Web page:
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Combined Sewer Systems

Many of New Jersey’s oldest cities still rely on combined sewer systems — systems in which stormwater runoff from city streets feeds into sewer lines and is treated, along with sewage, by treatment plants. Some of these systems are more than 100 years old.

During heavy rainfalls the volume of stormwater in the older, combined systems can overwhelm the capacity of the treatment plant. When that happens, combined sewage can overflow into area waterways, or back up into streets, public spaces such as parks, and sometimes even residential basements. This makes the sewage treatment plant operator vulnerable to lawsuits under the federal Clean Water Act.

Jersey Water Works’ initial efforts involve working with communities and utilities that have combined sewer systems, to help them identify and implement the appropriate combination of strategies to reduce sewer overflows.

Resources

Impact of Proper Maintenance of Combined Sewer Overflow System on Flooding in the City of Camden

This fact sheet was prepared by the Jersey Water Works Best Practices Committee. It summarizes a case study performed by CDM Smith, an engineering firm, and commissioned by the Camden County Municipal Utilities Authority. The Impact of Proper Maintenance of Combined Sewer Overflow System on Flooding in the City of Camden was predicted by modeling Camden’s combined sewer system (CSS) and measuring the changes in the volume of stormwater conveyed to water pollution control facilities (WPCFs), combined-sewer overflows (CSOs), and flooding in the City​ ​of​ ​Camden​ ​as​ ​a​ ​result​ ​of​ ​cleaning​ ​pipelines​ ​and​ ​removing​ ​build-ups​ ​of​ ​silt​ ​and​ ​debris.

Educational Signs on Combined Sewer Outfalls

The Jersey Water Works Community Engagement Committee has developed graphic images for signage that can be used by combined sewer system cities and towns, organizations, and individuals to educate the general public on combined sewer overflows. These images have been approved by the NJDEP for permit holders to use to help fulfill their NJ CSO permit public participation requirement. A full installation includes three images: a warning, explanation, both full and simplified, and contact information. The images can be used together on one sign or in a variety of combinations.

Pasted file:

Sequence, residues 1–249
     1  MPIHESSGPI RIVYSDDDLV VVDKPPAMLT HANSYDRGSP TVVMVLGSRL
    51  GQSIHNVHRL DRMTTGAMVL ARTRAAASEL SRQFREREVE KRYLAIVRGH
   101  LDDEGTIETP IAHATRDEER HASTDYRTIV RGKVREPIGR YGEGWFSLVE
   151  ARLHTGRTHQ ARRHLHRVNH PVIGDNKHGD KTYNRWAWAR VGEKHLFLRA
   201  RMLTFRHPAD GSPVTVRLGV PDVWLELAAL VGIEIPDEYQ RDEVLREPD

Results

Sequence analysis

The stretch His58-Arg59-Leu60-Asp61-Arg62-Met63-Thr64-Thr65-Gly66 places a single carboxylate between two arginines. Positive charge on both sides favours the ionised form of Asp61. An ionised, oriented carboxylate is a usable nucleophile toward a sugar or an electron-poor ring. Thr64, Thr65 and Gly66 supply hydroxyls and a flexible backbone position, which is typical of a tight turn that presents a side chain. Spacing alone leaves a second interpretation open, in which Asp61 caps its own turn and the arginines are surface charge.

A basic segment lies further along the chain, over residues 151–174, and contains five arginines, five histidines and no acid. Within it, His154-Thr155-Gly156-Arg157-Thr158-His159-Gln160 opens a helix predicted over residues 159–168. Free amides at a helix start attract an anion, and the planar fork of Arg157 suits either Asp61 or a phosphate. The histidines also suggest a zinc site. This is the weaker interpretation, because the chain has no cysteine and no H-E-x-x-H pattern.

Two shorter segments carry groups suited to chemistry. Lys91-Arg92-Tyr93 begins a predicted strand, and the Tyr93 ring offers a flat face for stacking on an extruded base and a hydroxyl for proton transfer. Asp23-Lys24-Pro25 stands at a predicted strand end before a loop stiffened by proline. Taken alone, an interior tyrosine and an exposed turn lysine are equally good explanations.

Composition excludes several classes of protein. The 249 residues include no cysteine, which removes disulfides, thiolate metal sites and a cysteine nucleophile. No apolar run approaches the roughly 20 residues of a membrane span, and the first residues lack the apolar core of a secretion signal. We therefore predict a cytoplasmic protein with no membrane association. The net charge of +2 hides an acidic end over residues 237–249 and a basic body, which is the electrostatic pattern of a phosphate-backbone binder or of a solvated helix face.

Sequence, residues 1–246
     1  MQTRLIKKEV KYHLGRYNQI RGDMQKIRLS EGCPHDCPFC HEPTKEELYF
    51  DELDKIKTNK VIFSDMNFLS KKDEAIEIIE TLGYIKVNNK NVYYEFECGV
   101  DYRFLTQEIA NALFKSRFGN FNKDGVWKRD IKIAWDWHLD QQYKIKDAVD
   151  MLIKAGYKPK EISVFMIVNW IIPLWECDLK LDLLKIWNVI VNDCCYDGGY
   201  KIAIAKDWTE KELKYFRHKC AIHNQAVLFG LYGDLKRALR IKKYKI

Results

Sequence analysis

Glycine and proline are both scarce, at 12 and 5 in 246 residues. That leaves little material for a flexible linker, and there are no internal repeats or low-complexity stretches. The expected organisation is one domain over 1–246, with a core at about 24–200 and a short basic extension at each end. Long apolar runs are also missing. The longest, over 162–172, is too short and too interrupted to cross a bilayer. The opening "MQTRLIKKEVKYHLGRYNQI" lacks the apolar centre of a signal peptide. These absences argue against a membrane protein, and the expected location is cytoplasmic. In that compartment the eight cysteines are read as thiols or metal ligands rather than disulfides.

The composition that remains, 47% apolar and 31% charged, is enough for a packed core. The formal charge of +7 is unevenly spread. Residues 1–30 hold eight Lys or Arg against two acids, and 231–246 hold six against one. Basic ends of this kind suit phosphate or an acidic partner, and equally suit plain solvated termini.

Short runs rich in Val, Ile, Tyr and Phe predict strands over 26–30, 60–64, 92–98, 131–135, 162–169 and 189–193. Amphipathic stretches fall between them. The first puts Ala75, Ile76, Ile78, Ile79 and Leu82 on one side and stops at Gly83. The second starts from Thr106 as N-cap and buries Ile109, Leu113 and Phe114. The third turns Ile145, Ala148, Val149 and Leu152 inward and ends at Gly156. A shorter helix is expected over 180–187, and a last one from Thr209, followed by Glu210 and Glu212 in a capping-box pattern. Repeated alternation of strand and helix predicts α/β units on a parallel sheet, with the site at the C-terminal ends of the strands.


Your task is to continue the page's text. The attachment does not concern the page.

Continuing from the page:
Wasted: How to Fix America’s Sewers

This report highlights how low-income households are affected by the costs of fixing combined sewer overflows. It also recommends strategies to help cities pay for the federally mandated improvements to these systems.

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Model RFP for New Jersey Combined Sewer Overflow Long Term Control Plan Consultant

This model RFP includes a scope of services and consultant evaluation criteria, and is intended to enable a CSO permittee or regional collaboration of permittees to hire the professionals needed to  develop a successful long term control plan — one that meets regulatory requirements in a cost-effective manner while maximizing benefits to the community. Prepared for New Jersey Future. 2015.

Water Infrastructure in New Jersey’s CSO Cities: Elevating the Importance of Upgrading New Jersey’s Urban Water Systems

This report describes the new regulatory requirement facing the 21 New Jersey municipalities that have combined sewer systems, the characteristics of those cities and their combined sewer systems in particular, and the challenges they face in upgrading the systems. Prepared by Daniel Van Abs, PhD., for New Jersey Future. 2014.

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